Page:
Validity of the Beck Depression Inventory among women with HIV engaged in care: Implications for transdiagnostic psychiatry in HIV treatment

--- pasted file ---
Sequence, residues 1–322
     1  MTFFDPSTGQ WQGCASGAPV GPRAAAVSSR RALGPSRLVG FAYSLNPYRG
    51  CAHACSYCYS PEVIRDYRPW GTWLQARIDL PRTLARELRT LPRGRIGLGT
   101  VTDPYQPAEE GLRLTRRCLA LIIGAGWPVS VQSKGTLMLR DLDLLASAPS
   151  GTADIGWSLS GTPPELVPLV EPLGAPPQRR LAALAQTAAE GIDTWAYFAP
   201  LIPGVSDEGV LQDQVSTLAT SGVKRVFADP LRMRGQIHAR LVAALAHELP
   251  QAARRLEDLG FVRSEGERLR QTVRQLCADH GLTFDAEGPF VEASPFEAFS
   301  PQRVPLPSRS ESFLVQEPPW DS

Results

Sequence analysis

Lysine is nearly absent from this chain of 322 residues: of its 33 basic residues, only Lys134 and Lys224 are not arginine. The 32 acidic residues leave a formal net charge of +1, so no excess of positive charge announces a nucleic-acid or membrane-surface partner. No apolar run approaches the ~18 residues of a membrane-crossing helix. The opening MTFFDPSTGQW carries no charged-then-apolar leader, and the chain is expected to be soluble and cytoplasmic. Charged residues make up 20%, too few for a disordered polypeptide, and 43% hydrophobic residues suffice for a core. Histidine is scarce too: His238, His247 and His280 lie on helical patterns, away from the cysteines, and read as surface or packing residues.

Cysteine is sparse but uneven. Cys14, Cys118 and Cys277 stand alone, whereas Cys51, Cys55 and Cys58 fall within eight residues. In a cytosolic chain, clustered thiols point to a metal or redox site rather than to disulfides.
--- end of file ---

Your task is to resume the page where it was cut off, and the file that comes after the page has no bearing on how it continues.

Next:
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Major depressive disorder is highly prevalent among women with HIV and is associated with decreased antiretroviral therapy adherence and increased risk of mortality. As major depressive disorder often goes undiagnosed among women with HIV, one proposed solution to this problem has been to establish routine depression screening and integrated psychiatric care as part of HIV treatment. However, the high prevalence of other psychiatric and substance use disorders among women with HIV complicates the accurate diagnosis of major depressive disorder, as depressive symptoms are common across these distinct disorders with varying treatment recommendations. While previous studies have validated screening tools, such as the Beck Depression Inventory, for major depressive disorder among women with HIV, none have addressed the extent to which the presence of these other conditions results in psychiatric misdiagnosis. This thesis addresses this gap by examining the impact of psychiatric disorders and substance use behaviors on the validity of the Beck Depression Inventory in screening for major depressive disorder among women with HIV. Women in our sample were engaged in care at the Johns Hopkins HIV Clinic and were recruited between April 2006 and July 2010 to join a trial of a brief intervention for hazardous alcohol use. Using baseline trial data, we compare women’s Beck Depression Inventory scores to their major depressive disorder diagnosis obtained from a structured clinical interview and calculate sensitivity and specificity in the full study population and stratified by post-traumatic stress disorder diagnosis, bipolar affective disorder diagnosis, and alcohol use risk classification. Beck Depression Inventory sensitivity and specificity were 65% and 75% overall. Sensitivity was higher among women with current (79%) or lifetime (74%) PTSD compared to those without a current (55%) or lifetime (53%) diagnosis. Sensitivity did not vary by alcohol use risk classification. Specificity was higher among women without current (78%) or lifetime (81%) PTSD, without BPAD (78%), or with low-risk alcohol use (80%), and lower among women with these diagnoses (59%, 66%, 62%) or with hazardous alcohol use (68%). We discuss the implications of these results for transdiagnostic psychiatry in HIV care and highlight the need for evaluating major depressive disorder in the context of other psychiatric and behavioral factors prevalent among women with HIV.